Being independent can bring insight into what life’s future holds

Brady C. Mallory

Brady C. Mallory

Somewhere between midnight and 3 a.m., I was indulging in a symphony of cherished stillness accompanied by the blue light of the TV screen when I heard something that made me somewhat indignant. One of the thousands of dating sites informed me that it could find my match in six weeks. It takes me at least that much time to finish a “Dora the Explorer” coloring book, and that is only if I have a burst of ambition and the fervent need to prove myself.

Where, I ask you, is the Web site that helps you meet and define yourself? I often think with the stresses of conventional American expectations, we forget that it is okay to take this time in our young lives to figure out our own affinities. A very wise friend of mine uses the phrase, “life is not about finding yourself, it is about creating yourself.” It scares me that so many people lose themselves in the dusty recesses of everyday.

Perhaps my sense of “in-your-face” independence dates back to my teen years and childhood. I have violent flashbacks to my tenure as a four-year-old when my family journeyed to Florida. The only thing I can concretely remember is sightseeing while securely fastened in a child leash and harness. I assume this was a precaution due to the high numbers of geriatrics that populate Florida. My mother, who is my favorite person in the world, has three vices in life: her children, Coca-Cola and Virginia Slims. That leash was her way of keeping me safe, and through that, coupled with everything she taught me, I now have a very valuable sense of security. She and my father were keen on allowing me to make my own decisions, which is why I never had a curfew. I think that early sense of freedom is why I cannot fathom everyone’s need to “Pam Anderson,” or couple haphazardly, their way through life.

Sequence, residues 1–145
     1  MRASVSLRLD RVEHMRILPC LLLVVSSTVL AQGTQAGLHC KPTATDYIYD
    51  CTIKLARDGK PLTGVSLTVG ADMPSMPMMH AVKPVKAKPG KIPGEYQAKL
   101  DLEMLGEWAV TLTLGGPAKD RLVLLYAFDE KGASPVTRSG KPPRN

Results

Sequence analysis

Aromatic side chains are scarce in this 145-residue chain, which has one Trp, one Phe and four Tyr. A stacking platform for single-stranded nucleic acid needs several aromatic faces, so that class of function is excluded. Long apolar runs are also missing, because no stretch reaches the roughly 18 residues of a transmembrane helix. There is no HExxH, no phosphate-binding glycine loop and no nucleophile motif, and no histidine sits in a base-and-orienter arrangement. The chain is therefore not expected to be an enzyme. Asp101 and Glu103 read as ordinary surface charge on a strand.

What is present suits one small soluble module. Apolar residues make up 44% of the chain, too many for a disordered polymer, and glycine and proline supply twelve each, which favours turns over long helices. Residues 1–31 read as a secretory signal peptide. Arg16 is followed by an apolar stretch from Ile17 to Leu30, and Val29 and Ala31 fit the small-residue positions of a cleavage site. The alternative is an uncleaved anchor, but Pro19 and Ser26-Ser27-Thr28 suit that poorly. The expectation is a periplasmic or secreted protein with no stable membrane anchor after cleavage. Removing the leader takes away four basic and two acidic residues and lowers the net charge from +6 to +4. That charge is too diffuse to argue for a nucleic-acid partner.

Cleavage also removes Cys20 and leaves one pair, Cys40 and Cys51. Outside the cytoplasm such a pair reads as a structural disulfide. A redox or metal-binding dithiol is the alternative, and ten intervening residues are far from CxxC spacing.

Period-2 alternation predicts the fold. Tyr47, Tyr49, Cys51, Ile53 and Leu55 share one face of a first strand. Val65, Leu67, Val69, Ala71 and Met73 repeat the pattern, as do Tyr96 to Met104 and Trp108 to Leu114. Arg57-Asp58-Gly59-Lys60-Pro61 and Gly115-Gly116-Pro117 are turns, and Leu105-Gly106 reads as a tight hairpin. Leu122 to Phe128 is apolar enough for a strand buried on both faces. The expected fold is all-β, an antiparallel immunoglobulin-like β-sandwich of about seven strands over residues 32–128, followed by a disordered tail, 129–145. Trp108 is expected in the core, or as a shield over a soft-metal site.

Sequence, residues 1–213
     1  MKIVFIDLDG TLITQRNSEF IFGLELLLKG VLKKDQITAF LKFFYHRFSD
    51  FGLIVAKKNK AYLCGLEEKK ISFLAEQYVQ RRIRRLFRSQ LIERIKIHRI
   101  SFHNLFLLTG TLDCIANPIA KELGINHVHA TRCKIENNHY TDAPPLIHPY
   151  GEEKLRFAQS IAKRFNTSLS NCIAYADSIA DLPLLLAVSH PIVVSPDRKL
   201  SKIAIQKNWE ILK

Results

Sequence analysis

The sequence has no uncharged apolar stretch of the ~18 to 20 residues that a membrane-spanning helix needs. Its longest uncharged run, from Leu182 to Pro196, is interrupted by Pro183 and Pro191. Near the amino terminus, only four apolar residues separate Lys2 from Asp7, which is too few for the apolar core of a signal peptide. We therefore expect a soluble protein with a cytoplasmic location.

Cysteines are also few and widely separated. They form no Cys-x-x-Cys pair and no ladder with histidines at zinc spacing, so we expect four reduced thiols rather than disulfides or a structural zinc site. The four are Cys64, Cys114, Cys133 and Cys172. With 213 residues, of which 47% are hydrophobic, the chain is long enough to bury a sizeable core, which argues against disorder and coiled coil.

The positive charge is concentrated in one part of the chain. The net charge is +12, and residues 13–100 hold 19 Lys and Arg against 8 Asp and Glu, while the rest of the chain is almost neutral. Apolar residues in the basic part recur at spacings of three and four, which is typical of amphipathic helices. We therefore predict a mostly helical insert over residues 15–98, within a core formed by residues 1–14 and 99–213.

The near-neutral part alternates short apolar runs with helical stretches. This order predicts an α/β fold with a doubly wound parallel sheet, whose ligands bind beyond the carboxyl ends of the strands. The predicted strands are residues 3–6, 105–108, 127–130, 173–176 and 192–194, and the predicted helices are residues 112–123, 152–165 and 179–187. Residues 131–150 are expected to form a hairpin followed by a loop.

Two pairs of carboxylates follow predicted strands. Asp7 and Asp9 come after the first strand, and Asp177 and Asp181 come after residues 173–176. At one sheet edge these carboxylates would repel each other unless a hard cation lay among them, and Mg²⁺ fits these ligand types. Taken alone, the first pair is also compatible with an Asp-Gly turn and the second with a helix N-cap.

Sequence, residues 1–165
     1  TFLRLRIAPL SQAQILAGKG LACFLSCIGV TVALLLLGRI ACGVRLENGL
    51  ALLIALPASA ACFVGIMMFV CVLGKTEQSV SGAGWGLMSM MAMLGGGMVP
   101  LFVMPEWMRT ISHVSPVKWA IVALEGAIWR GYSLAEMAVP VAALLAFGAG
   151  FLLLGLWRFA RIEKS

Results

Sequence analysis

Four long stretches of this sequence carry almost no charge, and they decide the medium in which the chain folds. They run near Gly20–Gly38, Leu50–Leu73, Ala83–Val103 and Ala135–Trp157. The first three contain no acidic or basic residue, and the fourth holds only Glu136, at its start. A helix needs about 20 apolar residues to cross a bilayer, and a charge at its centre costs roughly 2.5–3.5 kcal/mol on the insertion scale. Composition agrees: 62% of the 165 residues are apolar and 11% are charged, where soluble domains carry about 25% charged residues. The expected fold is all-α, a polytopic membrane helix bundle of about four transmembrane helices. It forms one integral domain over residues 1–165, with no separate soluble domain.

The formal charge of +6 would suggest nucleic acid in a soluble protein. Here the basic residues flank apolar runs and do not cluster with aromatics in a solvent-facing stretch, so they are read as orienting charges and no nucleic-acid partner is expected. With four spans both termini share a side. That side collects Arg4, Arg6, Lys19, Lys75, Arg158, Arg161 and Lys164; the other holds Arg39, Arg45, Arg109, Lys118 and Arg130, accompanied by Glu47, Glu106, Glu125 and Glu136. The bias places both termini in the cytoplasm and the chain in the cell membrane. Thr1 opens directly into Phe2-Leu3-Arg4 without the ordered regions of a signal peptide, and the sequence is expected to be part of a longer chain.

It is a different case when we give up our autonomy for monetary gain or convenience; both of which I respect immensely. For example, while in L.A. I lost my friends and had to make a tough decision about how I was going to get back to my temporary pad that evening. Luckily, my charisma had allowed me to meet a group of strangers who were my best friends for those few hours. Since I had been seemingly abandoned, I decided to get a ride with this exciting, nouveau posse to wherever it was that they were going. True, you might think that waking up and thinking, “Where am I?” is dangerous, but I say that saving $50 on cab fare is fiscally responsible. Plus, I was only in the Valley which is a mere 50 minutes from my digs in West LA. My point is … well, in there somewhere, and if you cannot find it, that is your cross to bear.

Beyond the aforementioned tangent, this is the time to take chances, live for yourself, make mistakes and wake up in unfamiliar residences smelling of In-N-Out Burger and tequila. I am not advising recklessness, which is silly and reckless.

Some people spend years, never mind decades, to find their match, and sometimes that match burns out. Sometimes we have to learn how to depend on ourselves before relying on others. In a society that negates instant gratification as too slow, we have forgotten how to spend time with ourselves and enjoy the beauty of driving alone on a breezy summer night with no destination.

The sun is setting on my college years, and I think I have met the man I was meant to be. That, as with anything worth while, certainly took much longer than six weeks.